Siobhan Donaghy was just 17 when she walked out of the coolest girl band in Britain, the Sugababes, whom she had joined at the age of 14, in floods of tears. Two years later, the 19-year-old has returned with a debut solo album, Revolution in Me, an accomplished pop-rock record that mixes beats (courtesy of Cameron McVey, who has worked with Massive Attack and Portishead) with Donaghy's thoughtful, yearningly sung lyrics.
It might be thought somewhat surprising that the former Sugababe, who was often described as "the white one wearing the skirt", has brought out a grown-up album. But although, on the evidence of her recent live outings, she needs to brush up on her stagecraft, there is an earnestness about her that suggests she isn't the tweenybopping, sulky teenager that one might imagine her to be.
The elfin Donaghy has never seen herself in that light. "I don't see why it surprises anyone that I made a great album," she maintains. She is perched on a leather sofa in Westbourne Studios, in west London, where her new management company, whose other clients include Blur and Morcheeba, resides. These days, she looks 12 but has the wisdom of an old tree.
"I find the charts really, really boring," she confesses. "You used to have to be a genius to get in the charts. Now it is just about selling-out. "People think this album is my indie reinvention, but really it's not. I can't be bothered to take it all so seriously. I just want people to like the record. I'm not obsessed with numbers."
Donaghy is wearing tight black jeans, white pixie shoes from Topshop and a Nike hoodie in silver, grey and red. She looks fragile and pale, with long auburn hair set off by Chanel- rouged cheeks, and tells me: "Some people say I must be anorexic, but I am happy with how I look."
And despite releasing the new album, which includes the Top 20 hit "Overrated" and the new single, "Twist of Fate", all she really wants is a custom-made, old-school Mini, in camouflage, and to go to Cuba at Christmas with her boy- friend, Ted May, who works at the record company Warners. "We met when I was a Sugababe. He got into a lot of trouble for shagging the artist. I was 16 then; he was 25."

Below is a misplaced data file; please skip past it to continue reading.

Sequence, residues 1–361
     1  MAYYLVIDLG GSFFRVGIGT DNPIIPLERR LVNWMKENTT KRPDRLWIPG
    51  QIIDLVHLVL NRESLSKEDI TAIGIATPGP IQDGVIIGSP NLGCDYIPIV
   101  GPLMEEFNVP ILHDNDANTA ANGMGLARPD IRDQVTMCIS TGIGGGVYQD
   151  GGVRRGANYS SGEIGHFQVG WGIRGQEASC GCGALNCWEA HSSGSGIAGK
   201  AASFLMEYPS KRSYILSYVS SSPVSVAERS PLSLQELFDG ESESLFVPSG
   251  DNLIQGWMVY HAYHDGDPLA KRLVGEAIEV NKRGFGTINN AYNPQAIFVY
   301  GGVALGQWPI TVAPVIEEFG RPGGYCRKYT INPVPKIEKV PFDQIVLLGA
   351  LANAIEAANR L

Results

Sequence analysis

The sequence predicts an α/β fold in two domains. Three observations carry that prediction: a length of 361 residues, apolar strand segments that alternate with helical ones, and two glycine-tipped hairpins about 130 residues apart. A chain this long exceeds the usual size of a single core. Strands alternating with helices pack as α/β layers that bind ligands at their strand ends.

When Donaghy left the Sugababes, back in August 2001, she swore she would never work in the music industry again. At that time, the main problem was that the other 'Babes, Keisha Buchanan and Mutya Buena, had frozen her out. The result was a two-year downward spiral into depression and anti-depressants. Working on the album proved cathartic. "Really, it's about how being in the Sugababes made me feel," Donaghy says. "I learnt a lot - about how awful people can be.
"But it's not completely melancholy and about depression," she continues. "It is positive. I was very bitter when I left the Sugababes. But one day I woke up and realised: shit happens. Get over it. I had enough of dwelling on it and blaming others. I felt I needed to become a better person."
Recently, Donaghy has been playing a number of low-key shows under the name Shanghai Nobody (an anagram of her name) and driving around in a transit van. "I missed out all the scummy venues such as Dublin Castle, in Camden, as a Sugababe, and to be honest it has helped me deal with my stage fright," she says.
It is not as though Donaghy doesn't share typical teenage concerns: she still gets freaked out about spots, for one thing. But she is not into the shopping-and-shoes lifestyle. "I can't sing in shoes. I need to be grounded - earthbound," she says. "It is about breathing and mobility. I wore proper stilettos as a Sugababe, 45 minutes at a time. But it has been so long. Now I look at Victoria Beckham and think I'd be crippled if that was me."
One way she differs from many other teenagers is in her determination not to rush things, including a follow-up album. "I am considering doing some charity work. I'm not exactly helping the world right now. It's easy to get self-important. I've made a great record, and the rest of the time, it seems, I spend talking about myself," she says.
Donaghy changes her mind on a weekly basis as to which is her favourite song on the album. At the moment it's "Little Bits" (as in, little bits of misery). "I talk about my depression quite frankly, and it's a most beautiful piece of music - quite Massive Attack. It starts slow, raw and basic, with guitar-picking and a shaker, and builds up into this full-sound instrumental boom. It catches everyone. I always thought it should have felt like this before - really magical - but it never did."
'Revolution in the Head' is on WEA
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